Author(s): Bianchi G, Marchesini G, Nicolino F, Graziani R, Sgarbi D,
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Abstract BACKGROUND: Previous studies reported an impairment of both the physical and mental dimensions of quality of life in patients with cirrhosis. Very few data are available on the psychological impact of the disease and its relation to liver function. AIM: To measure the psychological status of patients with cirrhosis in relation to the severity of the liver impairment. PATIENTS AND METHODS: One hundred and fifty-six patients with cirrhosis were studied. Two questionnaires (the Beck Depression Inventory and the Psychological General Well-Being Index) were self-administered in random order. Clinical and laboratory data were collected using standardised forms. RESULTS: The global score of Psychological General Well-Being Index was severely reduced compared to Italian population norm. Among individual domains, the more severely affected was General Health, the less compromised was Positive Well-Being. A negative relation was found between Child-Pugh score (a comprehensive measure of disease severity) and global Psychological General Well-Being Index and several individual subscales. The Beck Depression Inventory scores were indicative of a depressed mood in over 50\% of patients, in relation to the presence of clinical symptoms. CONCLUSIONS: Patients with cirrhosis have signs of psychological distress and depression, as assessed by Beck Depression Inventory and Psychological General Well-Being Index, in relation to the severity of liver disease. Accordingly, a non-negligible number of patients warrant treatment.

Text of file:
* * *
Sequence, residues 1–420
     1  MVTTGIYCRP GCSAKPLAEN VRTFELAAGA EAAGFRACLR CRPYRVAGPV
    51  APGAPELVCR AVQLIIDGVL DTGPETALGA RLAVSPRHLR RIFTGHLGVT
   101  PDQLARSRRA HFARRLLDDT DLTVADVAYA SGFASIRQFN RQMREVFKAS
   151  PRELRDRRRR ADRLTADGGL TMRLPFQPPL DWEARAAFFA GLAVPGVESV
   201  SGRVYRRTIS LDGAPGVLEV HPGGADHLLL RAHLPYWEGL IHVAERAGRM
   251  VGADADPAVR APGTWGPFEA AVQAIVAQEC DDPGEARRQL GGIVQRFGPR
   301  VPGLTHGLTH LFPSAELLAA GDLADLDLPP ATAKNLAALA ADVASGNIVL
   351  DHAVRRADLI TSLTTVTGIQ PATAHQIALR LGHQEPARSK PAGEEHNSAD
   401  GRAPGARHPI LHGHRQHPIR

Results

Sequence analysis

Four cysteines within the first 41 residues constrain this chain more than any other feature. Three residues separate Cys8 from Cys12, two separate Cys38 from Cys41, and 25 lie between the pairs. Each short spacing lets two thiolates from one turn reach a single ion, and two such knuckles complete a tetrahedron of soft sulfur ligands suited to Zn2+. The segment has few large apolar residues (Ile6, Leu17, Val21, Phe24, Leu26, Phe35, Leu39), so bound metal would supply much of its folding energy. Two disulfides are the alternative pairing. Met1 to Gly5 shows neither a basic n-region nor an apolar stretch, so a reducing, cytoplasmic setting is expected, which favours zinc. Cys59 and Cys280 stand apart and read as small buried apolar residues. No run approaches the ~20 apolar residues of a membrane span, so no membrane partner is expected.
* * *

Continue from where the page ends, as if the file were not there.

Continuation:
This article was published in Dig Liver Dis
and referenced in Alternative & Integrative Medicine